Q2. Why did Margie hate school? Why did she think the old kind of school must have been fun?

AnswerMargie hated school because she did not like the mechanical teacher. Everyday she had to sit in the same schoolroom on the same time. She also did not have any classmates to discuss her homework with. She was thinking how in the old time children went to school, studied the same thing and after school discussed their homework.

Q3. Do you agree with Margie that schools today are more fun than the school in the story?

AnswerYes, I agree that schools today are more fun because students get to study with friends and classmates. Also the interaction between the student and teacher is important so that the student can understand things better. The students not only learn their syllabus but also learn moral values like sharing, helping, descipline, etc.

Thinking about Language
Read this sentence taken from the story :
         They had once taken Tommy's teacher
           away for nearly a month because history
           sector had blanked out completely.
The word complete is an adjective. When you add -ly to it, it becomes an adverb.
1.   Find the sentences in the lesson which have the adverbs given in the box below.
        awfully    sorrowfully     completely    
loftily   Carefully    differently   quickly 
 (i) Awfully'Thet turned the pages, which were yellow and crinkly, and it was awfully funny to read words that stood still instead of moving the way they were supposed to - on a screen you know.'

(ii) Sorrowfully: 'The mechanical teacher had been giving her test after test in geography and she had been doing worse and worse until her mother had shaken her head sorrowfully and sent for the County Inspector.'

(iii) Completely: 'They had once taken Tommy's teacher away for nearly a month because the history sector had blanked out completely.'

(iv) loftily: 'He added loftily, pronouncing the word carefully,''centuries ago."

(v) Carefully'He added loftily, pronouncing the word carefully,"centuries ago."

(vi) Differently: " But my mother says a teacher has to be adjusted to fit the mind of each boy and girl it teaches and that each kid has to be taught differently.

(vii) Quickly: " I didn't say I didn't like it," Margie said quickly.

(viii) Nonchalantly: "May be," he said nonchalantly.

2.    Now use these adverbs to fill in the blanks in the sentences below.
        (i) The report must be read ______ so that performance can be improved.

   Answer: Carefully

        (ii) At the interview, Sameer answered our questions _______ shrugging his shoulders.

    Answer: Loftily

       (iii) We all behave ______ when we are tired or hungry.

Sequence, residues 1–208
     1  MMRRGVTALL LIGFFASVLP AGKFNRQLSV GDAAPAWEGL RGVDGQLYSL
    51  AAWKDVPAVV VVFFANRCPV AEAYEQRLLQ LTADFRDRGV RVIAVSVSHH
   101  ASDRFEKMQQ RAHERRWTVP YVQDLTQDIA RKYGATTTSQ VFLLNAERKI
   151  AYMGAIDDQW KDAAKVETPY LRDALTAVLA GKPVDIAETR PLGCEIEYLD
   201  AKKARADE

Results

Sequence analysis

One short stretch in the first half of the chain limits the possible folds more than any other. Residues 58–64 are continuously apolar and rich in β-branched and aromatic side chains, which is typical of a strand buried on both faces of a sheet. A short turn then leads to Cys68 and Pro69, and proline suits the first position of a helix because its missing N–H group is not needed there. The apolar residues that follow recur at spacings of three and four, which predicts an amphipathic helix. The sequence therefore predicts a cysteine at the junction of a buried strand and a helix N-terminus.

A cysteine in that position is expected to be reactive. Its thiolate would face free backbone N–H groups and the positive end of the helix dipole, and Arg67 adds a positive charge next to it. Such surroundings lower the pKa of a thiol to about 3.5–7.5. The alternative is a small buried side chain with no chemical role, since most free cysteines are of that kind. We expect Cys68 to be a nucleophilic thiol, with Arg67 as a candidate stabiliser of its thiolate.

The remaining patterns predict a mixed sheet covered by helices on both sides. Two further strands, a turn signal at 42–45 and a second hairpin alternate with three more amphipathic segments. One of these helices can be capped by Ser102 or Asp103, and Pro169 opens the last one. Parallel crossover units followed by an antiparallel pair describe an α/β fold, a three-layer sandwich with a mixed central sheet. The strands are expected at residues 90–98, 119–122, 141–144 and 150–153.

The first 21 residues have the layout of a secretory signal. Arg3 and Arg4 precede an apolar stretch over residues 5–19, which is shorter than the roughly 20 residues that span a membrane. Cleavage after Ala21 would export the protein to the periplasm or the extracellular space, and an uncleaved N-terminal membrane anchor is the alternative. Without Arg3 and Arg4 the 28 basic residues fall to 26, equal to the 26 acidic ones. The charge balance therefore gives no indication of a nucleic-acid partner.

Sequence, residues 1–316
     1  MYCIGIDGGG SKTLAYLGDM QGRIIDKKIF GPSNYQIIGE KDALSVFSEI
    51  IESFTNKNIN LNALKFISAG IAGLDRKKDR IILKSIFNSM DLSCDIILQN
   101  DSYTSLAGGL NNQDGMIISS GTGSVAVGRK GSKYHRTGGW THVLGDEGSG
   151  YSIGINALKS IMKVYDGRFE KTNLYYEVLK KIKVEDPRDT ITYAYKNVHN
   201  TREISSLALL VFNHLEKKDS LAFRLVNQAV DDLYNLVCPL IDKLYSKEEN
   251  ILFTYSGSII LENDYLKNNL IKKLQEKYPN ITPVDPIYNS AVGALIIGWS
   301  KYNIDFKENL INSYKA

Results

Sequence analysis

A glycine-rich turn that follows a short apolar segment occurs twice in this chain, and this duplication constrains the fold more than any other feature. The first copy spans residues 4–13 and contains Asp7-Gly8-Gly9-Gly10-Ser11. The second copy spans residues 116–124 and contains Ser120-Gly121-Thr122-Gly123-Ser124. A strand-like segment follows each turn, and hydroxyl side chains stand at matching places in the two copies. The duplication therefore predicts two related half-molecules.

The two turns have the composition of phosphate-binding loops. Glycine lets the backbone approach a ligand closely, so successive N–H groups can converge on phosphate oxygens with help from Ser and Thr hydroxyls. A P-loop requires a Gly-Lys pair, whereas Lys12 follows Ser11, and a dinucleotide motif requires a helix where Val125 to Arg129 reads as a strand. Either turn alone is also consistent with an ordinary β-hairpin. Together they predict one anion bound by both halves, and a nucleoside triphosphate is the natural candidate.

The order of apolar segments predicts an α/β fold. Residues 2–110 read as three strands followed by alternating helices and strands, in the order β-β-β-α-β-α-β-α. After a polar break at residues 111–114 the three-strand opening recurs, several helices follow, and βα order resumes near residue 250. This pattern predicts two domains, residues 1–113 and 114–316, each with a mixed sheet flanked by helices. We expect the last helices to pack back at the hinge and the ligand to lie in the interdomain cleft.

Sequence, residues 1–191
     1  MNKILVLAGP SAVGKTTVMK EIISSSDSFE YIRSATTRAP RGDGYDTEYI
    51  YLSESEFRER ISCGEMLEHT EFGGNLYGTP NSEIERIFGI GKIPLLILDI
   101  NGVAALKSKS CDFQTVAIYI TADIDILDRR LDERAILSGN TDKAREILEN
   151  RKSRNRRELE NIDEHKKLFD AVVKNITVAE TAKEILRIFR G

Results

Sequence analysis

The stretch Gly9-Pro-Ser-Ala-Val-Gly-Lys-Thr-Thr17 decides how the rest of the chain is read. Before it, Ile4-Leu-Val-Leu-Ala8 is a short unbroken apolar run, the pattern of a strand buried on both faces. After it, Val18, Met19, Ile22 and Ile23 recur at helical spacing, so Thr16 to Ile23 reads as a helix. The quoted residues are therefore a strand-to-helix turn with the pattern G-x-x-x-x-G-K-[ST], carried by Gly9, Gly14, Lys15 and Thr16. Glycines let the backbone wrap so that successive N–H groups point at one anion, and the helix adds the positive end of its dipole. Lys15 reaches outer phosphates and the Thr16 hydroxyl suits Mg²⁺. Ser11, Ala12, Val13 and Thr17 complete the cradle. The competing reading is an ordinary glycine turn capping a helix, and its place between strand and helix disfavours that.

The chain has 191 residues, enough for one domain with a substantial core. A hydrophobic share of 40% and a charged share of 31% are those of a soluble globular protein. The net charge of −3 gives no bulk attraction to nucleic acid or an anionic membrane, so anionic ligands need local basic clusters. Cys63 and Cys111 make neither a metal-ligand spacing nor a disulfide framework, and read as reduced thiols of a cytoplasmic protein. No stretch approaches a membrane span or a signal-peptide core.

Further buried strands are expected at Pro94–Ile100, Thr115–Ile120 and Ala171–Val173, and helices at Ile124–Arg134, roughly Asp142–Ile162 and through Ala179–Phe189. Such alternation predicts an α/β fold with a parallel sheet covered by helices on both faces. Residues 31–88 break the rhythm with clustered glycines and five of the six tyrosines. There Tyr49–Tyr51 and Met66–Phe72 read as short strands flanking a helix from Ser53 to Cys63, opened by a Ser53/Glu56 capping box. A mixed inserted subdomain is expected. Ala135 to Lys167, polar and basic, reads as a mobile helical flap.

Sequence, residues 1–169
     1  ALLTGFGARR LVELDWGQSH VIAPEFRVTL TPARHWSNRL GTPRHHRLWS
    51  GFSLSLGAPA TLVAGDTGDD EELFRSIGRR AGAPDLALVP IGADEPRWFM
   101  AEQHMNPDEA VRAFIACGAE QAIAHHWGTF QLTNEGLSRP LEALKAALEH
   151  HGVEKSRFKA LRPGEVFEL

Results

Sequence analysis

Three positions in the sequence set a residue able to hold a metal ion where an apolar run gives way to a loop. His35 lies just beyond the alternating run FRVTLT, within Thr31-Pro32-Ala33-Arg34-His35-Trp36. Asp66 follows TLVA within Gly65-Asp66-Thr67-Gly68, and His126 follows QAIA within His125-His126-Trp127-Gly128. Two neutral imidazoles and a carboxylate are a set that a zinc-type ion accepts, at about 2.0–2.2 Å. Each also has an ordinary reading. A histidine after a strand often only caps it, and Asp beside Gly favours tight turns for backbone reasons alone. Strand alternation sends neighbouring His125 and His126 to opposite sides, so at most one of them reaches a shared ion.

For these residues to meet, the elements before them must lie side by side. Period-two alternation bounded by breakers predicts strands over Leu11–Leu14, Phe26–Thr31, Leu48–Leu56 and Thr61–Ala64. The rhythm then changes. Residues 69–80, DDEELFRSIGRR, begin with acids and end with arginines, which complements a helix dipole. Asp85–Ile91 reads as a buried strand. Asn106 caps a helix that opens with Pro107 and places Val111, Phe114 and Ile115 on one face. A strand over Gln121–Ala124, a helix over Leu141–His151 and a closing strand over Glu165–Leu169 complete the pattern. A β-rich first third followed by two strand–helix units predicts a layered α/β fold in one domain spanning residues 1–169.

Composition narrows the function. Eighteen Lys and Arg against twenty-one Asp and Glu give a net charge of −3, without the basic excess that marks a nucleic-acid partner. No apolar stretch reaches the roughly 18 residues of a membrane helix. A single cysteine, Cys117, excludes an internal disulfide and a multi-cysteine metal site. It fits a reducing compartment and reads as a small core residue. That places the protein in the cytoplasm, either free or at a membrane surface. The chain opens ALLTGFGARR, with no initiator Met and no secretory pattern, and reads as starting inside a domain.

Answer: Differently

       (iv) The teacher shook her head _____ when Ravi lied to her.
     Answer: Sorrowfully

       (v) I _____ forgot about it.

     Answer: Completely

       (vi) When I complemented Rethavi on her success, she just smiled ______ and turned away.

      Answer: Nonchalantly

        (vii) The president of the company is _____ busy and will not be able to meet you.

      Answer: Awfully

        (viii) I finished my work _____ so that I could go out to play.

      Answer: Quickly

An adverb describes action. You can form adverbs by adding-ly to adjectives.
  Spelling Note: When an adjective ends in -y, the y changes to i when you add-ly to form an adverb.
 For example: angr-y angr-i-ly

3.    Make adverbs from these adjectives.
 (i) angry: angrily

 (ii) happy: happily

 (iii) merry: merrily

 (iv) sleepy: sleepily

 (v) easy: easily
 (vi) noisy: noisily

 (vii) tidy: tidily

 (viii) gloomy: gloomily
Imagine that Margie's mother told her, "You'll feel awful if you don't finish

11. If Not and Unless
• Imagine that Margie's mother told her, "You'll feel awful if you don't finish your history lesson."
• She could also say: "You'll feel awful unless you finish your history lesson." 
Unless means if not. Sentences with unless or if not are negative conditional sentences.

Notice that these sentences have two parts. The part that begins with if not or unless tells us the condition. This part has a verb in the present tense (look at the verbs don't finish, finish in the sentences above).

The other part of the sentence tells us about a possible result. It tells us what will happen (if something else doesn't happen). The verb in this part of the sentence is in the future tense (you'll feel/you will feel).

Complete the following conditional sentences. Use the correct form of the verb.

1. If I don't go to Anu's party tonight, I will regret it later.

2. If you don't telephone the hotel to order food, then I will order it myself.

3. Unless you promise to write back, I will not write to you.

4. If she doesn't play any games, she will become dull.

5. Unless that little bird flies away quickly, the cat will eat it.


A new revised volume of Issac Asimov's short stories has just been released Order one set. Write a letter to the publisher, Mindfame Private Limited, 1632 Asaf All Road, New Delhi, requesting that a set be sent to you by Value Payable Post (VPP), and giving your address. Your letter will have the following parts.

Friday, August 13, 2021

MCQs - The Lament by Anton Chekhov - Class 11 - Woven Words - Elective English

Multiple Choice Questions - The Lament by Anton Chekhov- Class 11 - Woven Words - Elective English CBSE Latest pattern for online test/examination